In their original habitat, the Eurasian collared doves are usually found in dry, open areas with scrub vegetation and scattered Acacia trees.  It was be found from sea level to altitudes of 9000 feet or more.  While resident in most parts of its range, it does migrate from higher altitudes to lower ones during the winter season.   Like many other doves they can be seen in villages and towns in gardens and parks, and also in cultivated areas.  They do tend to avoid moist forested areas where their light color would stand out, thus making them more susceptible to hawks and other predators.


Feeds on the ground, walking rapidly.  Eats a wide variety grains and grass seeds.  It also eats fruits and berries. When living in suburban areas feeds on bread and other scraps.  Usually feeds in open spaces among thorn scrub in the wild, and on roadsides, paths, and in gardens in suburban areas. 

Eurasian collared dove on nest

Photo by Julie Cartwright, Cheshire, UK


Eurasian collared doves build the usual type of dove nest in shrubs, on trees, or on building ledges. The female usually lays two cream colored eggs.  Incubation last between 14 and 18 days. Babies are reported to fledge between 15 and 19 days.  

In this series of photos taken by Julie Cartwright of Cheshire, UK, a storm destroyed the nest leaving the babies on the ground.  The nest day Ms. Cartwright found the babies, reconstructed the nest in a large basket, and placed the babies in the new nest.  Shortly the parents arrived and continued to geed the babies.  The last photo of this group shows the babies almost ready to fledge.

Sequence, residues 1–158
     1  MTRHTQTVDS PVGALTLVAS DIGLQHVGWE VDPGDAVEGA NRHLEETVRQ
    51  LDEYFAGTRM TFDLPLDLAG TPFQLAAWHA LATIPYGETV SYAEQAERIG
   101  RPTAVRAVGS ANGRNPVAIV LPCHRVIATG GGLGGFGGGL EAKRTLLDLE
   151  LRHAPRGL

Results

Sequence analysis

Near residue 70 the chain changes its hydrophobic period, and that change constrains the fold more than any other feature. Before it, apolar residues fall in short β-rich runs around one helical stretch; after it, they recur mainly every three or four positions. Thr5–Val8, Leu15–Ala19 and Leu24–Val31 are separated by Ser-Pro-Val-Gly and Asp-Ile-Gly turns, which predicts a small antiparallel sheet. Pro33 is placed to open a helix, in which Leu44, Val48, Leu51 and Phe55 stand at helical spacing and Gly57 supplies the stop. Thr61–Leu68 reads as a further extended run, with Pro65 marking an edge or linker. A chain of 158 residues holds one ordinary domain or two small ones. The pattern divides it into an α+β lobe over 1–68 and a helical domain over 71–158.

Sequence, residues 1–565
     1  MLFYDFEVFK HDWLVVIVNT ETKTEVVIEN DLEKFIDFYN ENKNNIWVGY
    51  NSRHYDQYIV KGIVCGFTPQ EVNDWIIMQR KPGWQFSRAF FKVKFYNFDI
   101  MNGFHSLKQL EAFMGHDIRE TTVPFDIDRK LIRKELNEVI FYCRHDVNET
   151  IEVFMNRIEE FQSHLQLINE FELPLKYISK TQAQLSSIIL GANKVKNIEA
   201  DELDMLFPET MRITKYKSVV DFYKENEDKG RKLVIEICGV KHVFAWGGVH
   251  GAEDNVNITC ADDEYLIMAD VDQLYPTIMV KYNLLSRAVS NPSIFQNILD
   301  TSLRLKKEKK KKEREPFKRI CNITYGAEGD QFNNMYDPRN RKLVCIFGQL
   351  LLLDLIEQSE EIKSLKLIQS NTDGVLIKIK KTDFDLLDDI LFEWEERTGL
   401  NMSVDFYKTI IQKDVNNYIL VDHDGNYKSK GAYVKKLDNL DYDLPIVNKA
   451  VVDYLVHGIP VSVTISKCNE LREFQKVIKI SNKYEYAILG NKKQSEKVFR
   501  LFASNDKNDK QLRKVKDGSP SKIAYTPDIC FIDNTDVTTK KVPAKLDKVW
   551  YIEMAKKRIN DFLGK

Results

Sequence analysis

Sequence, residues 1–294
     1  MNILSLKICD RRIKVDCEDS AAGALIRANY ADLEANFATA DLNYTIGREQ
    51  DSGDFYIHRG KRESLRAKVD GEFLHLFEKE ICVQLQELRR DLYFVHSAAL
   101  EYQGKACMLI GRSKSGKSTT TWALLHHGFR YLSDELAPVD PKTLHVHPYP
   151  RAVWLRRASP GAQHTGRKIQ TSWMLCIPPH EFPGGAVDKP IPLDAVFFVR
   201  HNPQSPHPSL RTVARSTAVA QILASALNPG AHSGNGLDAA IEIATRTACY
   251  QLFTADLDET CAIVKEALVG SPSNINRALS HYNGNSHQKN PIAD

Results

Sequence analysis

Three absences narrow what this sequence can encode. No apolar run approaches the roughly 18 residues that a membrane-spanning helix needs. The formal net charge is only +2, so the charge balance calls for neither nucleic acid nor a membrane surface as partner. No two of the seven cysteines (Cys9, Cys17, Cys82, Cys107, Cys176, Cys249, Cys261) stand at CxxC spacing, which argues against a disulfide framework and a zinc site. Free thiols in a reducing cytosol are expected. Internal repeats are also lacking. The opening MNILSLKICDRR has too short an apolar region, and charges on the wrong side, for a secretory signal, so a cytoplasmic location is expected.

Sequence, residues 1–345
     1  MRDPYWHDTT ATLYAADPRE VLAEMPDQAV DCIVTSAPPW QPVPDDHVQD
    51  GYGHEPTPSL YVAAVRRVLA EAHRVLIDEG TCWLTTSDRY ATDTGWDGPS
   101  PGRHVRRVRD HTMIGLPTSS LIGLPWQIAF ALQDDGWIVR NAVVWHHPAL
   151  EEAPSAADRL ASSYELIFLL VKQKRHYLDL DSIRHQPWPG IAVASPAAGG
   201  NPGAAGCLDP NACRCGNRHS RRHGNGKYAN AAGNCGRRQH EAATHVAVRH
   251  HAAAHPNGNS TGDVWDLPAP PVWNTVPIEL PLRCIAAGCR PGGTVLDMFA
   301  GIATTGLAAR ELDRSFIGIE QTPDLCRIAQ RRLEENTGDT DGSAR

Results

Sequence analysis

Eurasian collared dove babies in nest

Photo by Julie Cartwright, Cheshire, UK


Older babies in nest

Photo by Julie Cartwright, Cheshire, UK


Babies About Ready to Fledge

Photo by Julie Cartwright, Cheshire, UK


Apparently there are a number of breeders that have obtained Eurasian collared doves and have cross bred them with the domesticated ringneck dove.  Some breeders have cross bred them with white ringneck doves to obtain more white doves "suitable" wedding and funeral releases.  As mentioned in the previous section on ringneck doves this practice is not recommended because these doves can not find their way back to their owner's loft because they do not have the capabilities of a more expensive homing pigeon.  Such doves are just left to survive on their own which is difficult because of their white color and the fact that their parents did not teach them how to survive in the wild.

As mentioned in the previous section, a white dove was found after a release in Macon, Georgia and turned over to a wildlife rehabilitator who in turn gave the dove to me.  The dove lived with us for a year before I realized it was not a normal ringneck dove.  As it tuned out it had the call and scream of an Eurasian collard dove and although the dove was mostly white, it had the faint spike markings on the underside of the outer tail feathers.

Dr. Miller persuaded me to give the bird to an American Dove Association breeder to see if they could determine if the bird was a ringneck x Eurasian collared dove hybrid or if it was some kind of mutant.  So far I have not heard about the outcome of these trials.


Our White Eurasian Collared Dove that we Thought Was a Ringneck



(1) Gibbs, David; Barnes, Eustace; Cox, John "Eurasian Collared Dove, Streptopelia decaocto", Pigeons and Doves, A Guide to Pigeons and Doves of the World, London: Yale University Press 2001, pp. 258-260.

(2) Goodwin, Derek, "Collared Dove, Streptopelia decaocto", Pigeons and Doves of the World, London: Trustees of the British Museum (Natural History), 1967, pp. 116-117.

©2007 - Helen White

Helen White
P. O. Box 367,
Tallahassee, FL 32302-0367

Last revised on: January 25, 2007